October 31, 2017 article

Tips for Hiring Expert Witnesses Without Wasting Your Time or Your Client’s Money

By Adam Matheson

Your case reaches the pivotal point—you realize you will need an expert to defend against an emotional distress claim, prove damages for a breach of contract in a business dispute, or interpret medical records based on an injury. Whatever the reason for the expert, how do you find a qualified expert without wasting your time? How do you compete with a large firm without breaking the bank? This article explores four tools a solo or small firm can use to find qualified experts in efficient and cost-effective ways: (1) online directories, (2) professors at local colleges and universities, (3) listservs, and (4) your personal network.

As an initial matter, the rules of procedure for admitting an expert are generally minimal. For example, Federal Rule of Evidence 702, among other requirements, provides:

A witness who is qualified as an expert by knowledge, skill, experience, training, or education may testify in the form of an opinion or otherwise if [ ] the expert's scientific, technical, or other specialized knowledge will help the trier of fact to understand the evidence or to determine a fact in issue. . . .

Fed. R. Evid. 702(a).

  1. Online Directories
    There are numerous free online directories that allow users to search for experts. These directories provide numerous benefits such as allowing users to search by specific practice areas (such as employment, criminal, and insurance) and geographic locations. Examples of such directories are ALMExperts, JurisPro Expert Witness Directory, and SEAK Expert Witness Directory. Most of the directories allow you to access the expert's curriculum vitae and contact information.

    There are a few disadvantages to using online directories to search for experts. First, even though you can filter by legal area and state, some of the filters are broad. This requires you to either know exactly the type of expert you are looking for or spend time narrowing down the scope of the search on your own. Another disadvantage to using an online directory is that you will not know how the expert testifies or presents in person. Even with these downsides, using online directories can be a useful tool when you are starting your search.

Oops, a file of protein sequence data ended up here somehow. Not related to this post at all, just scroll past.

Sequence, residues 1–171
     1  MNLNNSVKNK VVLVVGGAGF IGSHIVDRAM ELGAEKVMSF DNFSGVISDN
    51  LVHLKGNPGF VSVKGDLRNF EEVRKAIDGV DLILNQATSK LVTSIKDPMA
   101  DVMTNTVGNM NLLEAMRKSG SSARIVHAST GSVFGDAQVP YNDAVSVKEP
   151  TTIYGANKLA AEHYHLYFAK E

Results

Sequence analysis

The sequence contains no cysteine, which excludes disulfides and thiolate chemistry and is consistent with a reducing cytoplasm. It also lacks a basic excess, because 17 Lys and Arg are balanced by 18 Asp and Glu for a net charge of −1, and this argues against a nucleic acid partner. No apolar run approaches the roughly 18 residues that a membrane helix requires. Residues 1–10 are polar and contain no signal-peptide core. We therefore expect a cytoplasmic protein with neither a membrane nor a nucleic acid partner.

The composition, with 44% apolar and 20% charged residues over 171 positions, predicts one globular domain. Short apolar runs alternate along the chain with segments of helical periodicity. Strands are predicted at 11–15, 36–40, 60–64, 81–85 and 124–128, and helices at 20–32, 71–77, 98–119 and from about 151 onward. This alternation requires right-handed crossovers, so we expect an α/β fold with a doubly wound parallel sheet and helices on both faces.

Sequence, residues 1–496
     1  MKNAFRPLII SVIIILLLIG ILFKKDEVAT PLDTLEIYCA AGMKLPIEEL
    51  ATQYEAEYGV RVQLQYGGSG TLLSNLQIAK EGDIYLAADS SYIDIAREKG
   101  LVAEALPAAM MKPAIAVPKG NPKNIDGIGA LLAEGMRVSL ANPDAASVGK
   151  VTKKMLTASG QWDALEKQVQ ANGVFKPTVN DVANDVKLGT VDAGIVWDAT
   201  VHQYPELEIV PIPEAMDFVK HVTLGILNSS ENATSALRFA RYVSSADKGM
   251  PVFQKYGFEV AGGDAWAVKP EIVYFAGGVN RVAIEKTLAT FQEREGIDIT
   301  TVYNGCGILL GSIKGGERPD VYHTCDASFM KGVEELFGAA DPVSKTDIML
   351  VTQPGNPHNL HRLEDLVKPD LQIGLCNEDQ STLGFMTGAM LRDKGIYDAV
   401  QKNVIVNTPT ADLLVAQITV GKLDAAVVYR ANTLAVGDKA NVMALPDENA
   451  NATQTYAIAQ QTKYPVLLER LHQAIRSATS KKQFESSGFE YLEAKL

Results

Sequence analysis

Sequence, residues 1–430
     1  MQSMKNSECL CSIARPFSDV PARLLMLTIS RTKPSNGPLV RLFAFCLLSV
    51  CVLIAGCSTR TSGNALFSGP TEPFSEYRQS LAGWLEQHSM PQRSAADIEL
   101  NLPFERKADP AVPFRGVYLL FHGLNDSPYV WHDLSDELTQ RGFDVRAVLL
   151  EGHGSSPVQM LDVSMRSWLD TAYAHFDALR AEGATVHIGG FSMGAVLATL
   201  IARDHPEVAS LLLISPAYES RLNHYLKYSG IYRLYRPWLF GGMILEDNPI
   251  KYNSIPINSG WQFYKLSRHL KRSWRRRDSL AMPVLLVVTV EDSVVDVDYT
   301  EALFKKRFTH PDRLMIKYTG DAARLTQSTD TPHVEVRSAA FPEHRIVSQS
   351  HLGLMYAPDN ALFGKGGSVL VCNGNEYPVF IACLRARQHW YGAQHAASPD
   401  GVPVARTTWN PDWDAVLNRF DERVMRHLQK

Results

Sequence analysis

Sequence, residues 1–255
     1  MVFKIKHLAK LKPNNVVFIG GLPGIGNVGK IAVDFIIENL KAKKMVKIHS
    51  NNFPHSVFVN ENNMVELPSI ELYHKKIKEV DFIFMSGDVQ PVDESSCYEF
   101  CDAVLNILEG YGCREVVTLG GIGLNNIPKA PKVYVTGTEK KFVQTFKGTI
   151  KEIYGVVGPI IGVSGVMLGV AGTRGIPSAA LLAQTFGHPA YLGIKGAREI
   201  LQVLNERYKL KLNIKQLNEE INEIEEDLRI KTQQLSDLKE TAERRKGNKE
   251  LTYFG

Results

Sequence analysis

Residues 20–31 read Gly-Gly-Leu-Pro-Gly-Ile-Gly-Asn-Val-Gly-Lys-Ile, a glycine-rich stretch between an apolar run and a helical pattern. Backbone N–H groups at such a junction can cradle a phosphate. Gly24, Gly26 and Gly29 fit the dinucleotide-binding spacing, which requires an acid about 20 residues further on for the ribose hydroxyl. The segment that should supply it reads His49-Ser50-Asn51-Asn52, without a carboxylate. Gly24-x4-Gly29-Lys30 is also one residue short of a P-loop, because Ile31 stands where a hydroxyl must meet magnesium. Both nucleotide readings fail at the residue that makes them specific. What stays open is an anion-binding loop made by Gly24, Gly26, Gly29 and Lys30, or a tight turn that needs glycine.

2. Professors at Local Colleges and Universities
    Contacting local professors at colleges and universities is another option. One benefit of this approach is that the professor is local. Having a local professor may resonate with a jury because the jurors may be able to relate better to a local professor instead of a more qualified expert from another jurisdiction. In addition, based on the professor's education, he or she is likely going to be qualified pursuant to the applicable rule to allow him or her to testify as an expert. Finally, unlike a "career expert" who depends on fees to make a living, a professor has another profession and may not charge as much.

    While there are positives to hiring local professors, there are also some drawbacks. If you need the expert to testify regarding a specialized area, a professor might not be specific enough for your case. In addition, a professor may not want to testify as an expert because he or she does not testify for a living. Finally, unlike a "career expert," a professor might not have a lot of experience testifying in legal matters and could be easily discredited by opposing counsel.